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Physics 12 electromagnetism

  1. Sep 5, 2015 #1
    1. The problem statement, all variables and given/known data
    upload_2015-9-5_3-44-35.png
    2. Relevant equations
    Let e be electric field.

    e=kq^2/r^2
    Fe=qe

    3. The attempt at a solution
    I have no idea what the steps to solving this are, I am looking for a quick outline on the first few steps only.

    I calculated the magnitude of each point's electric field at 0.144.
     
  2. jcsd
  3. Sep 5, 2015 #2

    blue_leaf77

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    You need to show us the steps with which you arrived at that answer.
     
  4. Sep 5, 2015 #3
    e=k(2x10^-6)^2 / (0.5)^2
    e=(8.99x10^9)(2x10^-6)^2 / (0.5)^2
    e=0.144
     
  5. Sep 5, 2015 #4

    blue_leaf77

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    Force is a physical quantity, it has unit. What's the unit you are using there? In particular how did you have 0.5^2 in the denominator?
     
  6. Sep 5, 2015 #5
    0.5 is the radius, in meters, (it is given as 5 cm in the question). And e is in newtons per coulomb, so the strength of the electric field is 0.144 N/C.
     
  7. Sep 5, 2015 #6

    blue_leaf77

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    5 cm = 0.05 m, not 0.5 m. Anyway what you calculated there is just the E field from one charge, what about the other charge?
     
  8. Sep 5, 2015 #7
    My apologies,

    e=k(2x10^-6)^2 / (0.05)^2
    e=(8.99x10^9)(2x10^-6)^2 / (0.05)^2
    e=14.4 N/C

    The charges are all identical in magnitude, so the electric fields all have the same force of 14.4. Therefore there is this electric field strength at each corner of the triangle.
     
  9. Sep 5, 2015 #8

    blue_leaf77

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    This is just the magnitude of force due to a single charge, however remember that force is a vector quantity. At the same time, there is also the other charge to be considered - the force experience by any charge is the resultant of forces due to the other two charges. The presence of more than one forces makes it necessary to consider the force completely as vectors.
    No, it's not. Again, you need to consider the other two charges and the vector nature of forces due to them.
     
  10. Sep 5, 2015 #9
    Ok, so breaking down the forces:

    Let's assume that we are finding the forces on the top point of the triangle (P). Note that the angles of the triangle are all 60 degrees.

    Therefore the x components of the bottom two electric field forces would be 14.4cos60, however they cancel out as the x components travel in the same direction.
    The y component would be 14.4sin60.

    ey=14.4sin60
    =12.47

    Both the charges will have a y component going upwards, so adding the y components we get a net y component of 24.9 N. Now this value, I have question about: Is this the net electric field in the y component or the net force in the y component.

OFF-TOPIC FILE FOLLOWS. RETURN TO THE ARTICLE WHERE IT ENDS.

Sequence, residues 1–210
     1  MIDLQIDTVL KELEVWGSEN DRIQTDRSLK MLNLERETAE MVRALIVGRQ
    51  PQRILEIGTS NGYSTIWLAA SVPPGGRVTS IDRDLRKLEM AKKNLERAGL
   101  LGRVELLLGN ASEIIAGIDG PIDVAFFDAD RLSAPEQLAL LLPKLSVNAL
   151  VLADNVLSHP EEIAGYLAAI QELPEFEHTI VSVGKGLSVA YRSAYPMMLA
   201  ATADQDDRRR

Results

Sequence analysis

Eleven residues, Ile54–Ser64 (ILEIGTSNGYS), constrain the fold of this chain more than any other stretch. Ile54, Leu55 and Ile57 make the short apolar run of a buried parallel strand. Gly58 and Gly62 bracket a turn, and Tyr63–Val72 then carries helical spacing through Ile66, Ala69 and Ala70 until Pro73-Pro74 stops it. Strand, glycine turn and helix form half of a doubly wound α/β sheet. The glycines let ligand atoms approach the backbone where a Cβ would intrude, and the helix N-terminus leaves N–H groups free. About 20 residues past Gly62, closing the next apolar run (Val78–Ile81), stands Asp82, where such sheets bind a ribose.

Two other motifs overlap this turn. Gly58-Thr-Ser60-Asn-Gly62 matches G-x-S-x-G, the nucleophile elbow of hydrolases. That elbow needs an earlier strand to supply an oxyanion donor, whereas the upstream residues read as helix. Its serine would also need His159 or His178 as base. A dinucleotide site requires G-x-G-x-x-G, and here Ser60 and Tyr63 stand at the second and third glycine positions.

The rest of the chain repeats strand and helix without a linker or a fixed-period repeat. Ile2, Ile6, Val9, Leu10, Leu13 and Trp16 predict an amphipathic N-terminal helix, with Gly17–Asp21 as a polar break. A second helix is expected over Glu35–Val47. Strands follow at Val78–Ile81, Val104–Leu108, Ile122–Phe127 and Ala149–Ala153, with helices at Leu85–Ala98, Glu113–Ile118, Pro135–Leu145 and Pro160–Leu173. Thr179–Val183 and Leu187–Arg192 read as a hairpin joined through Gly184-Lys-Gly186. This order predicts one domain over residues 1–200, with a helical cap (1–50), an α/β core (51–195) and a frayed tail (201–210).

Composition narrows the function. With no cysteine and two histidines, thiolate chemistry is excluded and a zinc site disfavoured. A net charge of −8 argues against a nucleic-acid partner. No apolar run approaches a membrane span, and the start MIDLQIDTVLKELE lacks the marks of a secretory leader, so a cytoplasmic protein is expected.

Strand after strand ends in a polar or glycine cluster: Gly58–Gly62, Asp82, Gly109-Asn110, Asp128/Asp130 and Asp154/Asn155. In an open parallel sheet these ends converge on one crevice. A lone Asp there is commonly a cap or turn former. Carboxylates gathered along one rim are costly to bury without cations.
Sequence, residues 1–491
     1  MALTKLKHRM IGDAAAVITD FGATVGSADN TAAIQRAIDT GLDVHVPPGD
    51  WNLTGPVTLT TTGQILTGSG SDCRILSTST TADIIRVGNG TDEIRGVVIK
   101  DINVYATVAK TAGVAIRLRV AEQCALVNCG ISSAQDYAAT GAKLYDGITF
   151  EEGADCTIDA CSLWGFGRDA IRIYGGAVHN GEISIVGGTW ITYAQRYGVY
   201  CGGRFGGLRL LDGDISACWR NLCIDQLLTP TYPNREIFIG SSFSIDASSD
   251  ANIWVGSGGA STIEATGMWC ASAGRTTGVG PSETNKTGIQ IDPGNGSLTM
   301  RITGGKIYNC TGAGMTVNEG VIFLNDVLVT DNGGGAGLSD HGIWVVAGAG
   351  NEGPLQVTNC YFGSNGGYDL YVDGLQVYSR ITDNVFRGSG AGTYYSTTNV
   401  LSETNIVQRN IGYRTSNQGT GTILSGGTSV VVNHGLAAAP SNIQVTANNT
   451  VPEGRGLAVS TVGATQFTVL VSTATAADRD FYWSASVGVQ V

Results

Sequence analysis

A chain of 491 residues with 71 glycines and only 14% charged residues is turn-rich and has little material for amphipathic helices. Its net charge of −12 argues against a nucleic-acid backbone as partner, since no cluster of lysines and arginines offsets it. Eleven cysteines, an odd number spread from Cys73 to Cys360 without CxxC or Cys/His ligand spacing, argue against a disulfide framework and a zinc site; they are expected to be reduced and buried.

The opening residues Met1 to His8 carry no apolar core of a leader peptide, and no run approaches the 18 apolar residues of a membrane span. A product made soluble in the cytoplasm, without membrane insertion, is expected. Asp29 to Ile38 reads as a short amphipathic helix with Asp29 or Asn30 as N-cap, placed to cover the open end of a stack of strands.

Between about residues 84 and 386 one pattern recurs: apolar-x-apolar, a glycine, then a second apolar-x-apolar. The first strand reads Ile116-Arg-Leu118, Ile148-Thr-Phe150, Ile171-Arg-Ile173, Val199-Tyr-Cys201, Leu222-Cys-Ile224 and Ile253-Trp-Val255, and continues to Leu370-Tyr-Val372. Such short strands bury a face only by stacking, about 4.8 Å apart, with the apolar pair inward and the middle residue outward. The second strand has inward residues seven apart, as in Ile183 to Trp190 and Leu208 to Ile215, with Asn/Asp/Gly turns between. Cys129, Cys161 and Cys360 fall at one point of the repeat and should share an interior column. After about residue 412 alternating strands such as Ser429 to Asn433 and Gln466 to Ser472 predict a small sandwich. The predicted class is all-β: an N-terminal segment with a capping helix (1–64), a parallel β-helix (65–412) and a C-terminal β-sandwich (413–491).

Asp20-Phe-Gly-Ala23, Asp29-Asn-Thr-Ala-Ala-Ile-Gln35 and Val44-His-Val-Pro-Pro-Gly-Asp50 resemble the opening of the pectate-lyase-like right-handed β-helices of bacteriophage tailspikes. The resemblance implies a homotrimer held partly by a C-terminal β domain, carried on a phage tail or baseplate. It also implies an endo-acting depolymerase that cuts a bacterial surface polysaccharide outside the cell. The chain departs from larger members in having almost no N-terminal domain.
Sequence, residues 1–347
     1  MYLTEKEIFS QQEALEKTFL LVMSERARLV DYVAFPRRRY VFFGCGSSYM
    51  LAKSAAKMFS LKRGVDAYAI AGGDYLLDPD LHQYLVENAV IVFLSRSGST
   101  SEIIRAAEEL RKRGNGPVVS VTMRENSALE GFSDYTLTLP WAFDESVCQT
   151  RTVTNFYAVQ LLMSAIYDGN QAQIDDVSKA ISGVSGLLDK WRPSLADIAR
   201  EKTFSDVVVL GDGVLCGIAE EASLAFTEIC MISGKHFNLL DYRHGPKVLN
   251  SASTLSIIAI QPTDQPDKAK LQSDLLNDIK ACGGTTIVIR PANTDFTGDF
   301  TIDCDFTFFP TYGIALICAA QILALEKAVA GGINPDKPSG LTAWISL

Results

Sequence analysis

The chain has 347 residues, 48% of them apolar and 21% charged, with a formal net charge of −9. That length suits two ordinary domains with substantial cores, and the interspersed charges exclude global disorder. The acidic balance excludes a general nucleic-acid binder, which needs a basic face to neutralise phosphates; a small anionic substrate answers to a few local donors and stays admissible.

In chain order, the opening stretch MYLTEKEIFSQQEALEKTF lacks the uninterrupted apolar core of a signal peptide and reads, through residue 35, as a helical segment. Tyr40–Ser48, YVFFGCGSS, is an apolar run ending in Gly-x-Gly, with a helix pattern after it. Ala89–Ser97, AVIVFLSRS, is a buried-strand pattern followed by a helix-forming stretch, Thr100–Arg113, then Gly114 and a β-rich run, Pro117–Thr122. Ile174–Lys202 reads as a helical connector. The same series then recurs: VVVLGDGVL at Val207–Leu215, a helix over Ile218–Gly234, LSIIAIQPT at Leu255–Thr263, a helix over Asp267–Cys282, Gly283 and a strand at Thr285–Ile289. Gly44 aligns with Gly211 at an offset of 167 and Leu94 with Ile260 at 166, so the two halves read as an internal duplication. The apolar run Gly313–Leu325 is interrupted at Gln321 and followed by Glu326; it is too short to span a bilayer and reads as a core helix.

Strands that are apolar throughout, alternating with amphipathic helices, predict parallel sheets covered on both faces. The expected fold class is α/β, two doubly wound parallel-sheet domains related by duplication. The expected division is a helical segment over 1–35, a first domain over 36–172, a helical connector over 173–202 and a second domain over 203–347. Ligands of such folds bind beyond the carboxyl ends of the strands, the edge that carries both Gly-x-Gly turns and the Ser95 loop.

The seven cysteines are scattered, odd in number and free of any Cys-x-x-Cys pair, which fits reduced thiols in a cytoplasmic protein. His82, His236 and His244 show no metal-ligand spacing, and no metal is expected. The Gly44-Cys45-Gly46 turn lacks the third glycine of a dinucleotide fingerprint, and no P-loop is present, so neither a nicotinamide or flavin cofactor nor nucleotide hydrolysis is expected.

The answer in the book is indeed 25N.
     
  11. Sep 5, 2015 #10

    blue_leaf77

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    It's the net force. In your calculation, there is ##q_1 q_2## right?
     
  12. Sep 5, 2015 #11
    Yes, there are 3 charges, all with the same charge.
     
  13. Sep 5, 2015 #12
    I did not use a calculation with q1,q2 in the same expression because I calculated the electric field produced by each.
     
  14. Sep 5, 2015 #13

    blue_leaf77

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    I mean you calculate
    $$
    F = k\frac{q_1q_2}{r^2}
    $$
    with ##q_1=q_2##, this is the formula for electrostatic force felt by charge ##q_1## due to charge ##q_2## (or vice versa). While the electric field is due to a charge ##q## is
    $$
    E = k \frac{q}{r^2}
    $$
    I should have noticed this earlier, what you calculated is the force, the formula you used is the formula for electrostatic force, not electric field. So, the unit should be N (Newton), not N/C.
     
  15. Sep 5, 2015 #14
    Ok I think i amde a mistake as well, I was trying to find the magnitude of the electric field, which is e=kq/r^2, the charge is NOT squared, as I had calculated.

    Therefore,

    e=kq/r^2
    e=(8.99x10^9)(2x10^-6)/(0.05)^2
    e=7192000 N/C

    This is the electric field produced by each charge
     
  16. Sep 5, 2015 #15

    blue_leaf77

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    Alright then, things are already clarified.
     
  17. Sep 5, 2015 #16
    So using this electric field magnitude, I break it into component.

    Xcomponent=7192000cos60
    The X components cancel out

    Ycomponent=7192000sin60
    =6228454

    They y components add up for a net electric field of (2x6228454) in the y direction.
    So enet=12346909 N/C.

    To find force exerted i Use Fe=qe

    Fe=(2x10^-6)(12346909)
    Fe=25 N

    That is the answer, so I was using the wrong equation. Thank you very much for your help.
     
  18. Sep 5, 2015 #17
    However, because you brought it up, when using the formula for electric force=kq1q2/r^2, does this equal the force exerted on the third point. And if so, why must we still use components to get the answer as opposed to just multiplying by 2, as each point produces the same force?
     
  19. Sep 5, 2015 #18

    blue_leaf77

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    Just multiplying by 2 with what? The y component or the force magnitude?
    Force is a vector quantity, you can't add them traditionally like you would add ordinary numbers. I thought you have known this when you explain how the x components cancel leaving out the y component only.
     
  20. Sep 5, 2015 #19
    Yes, I figured it out, thanks again!
     
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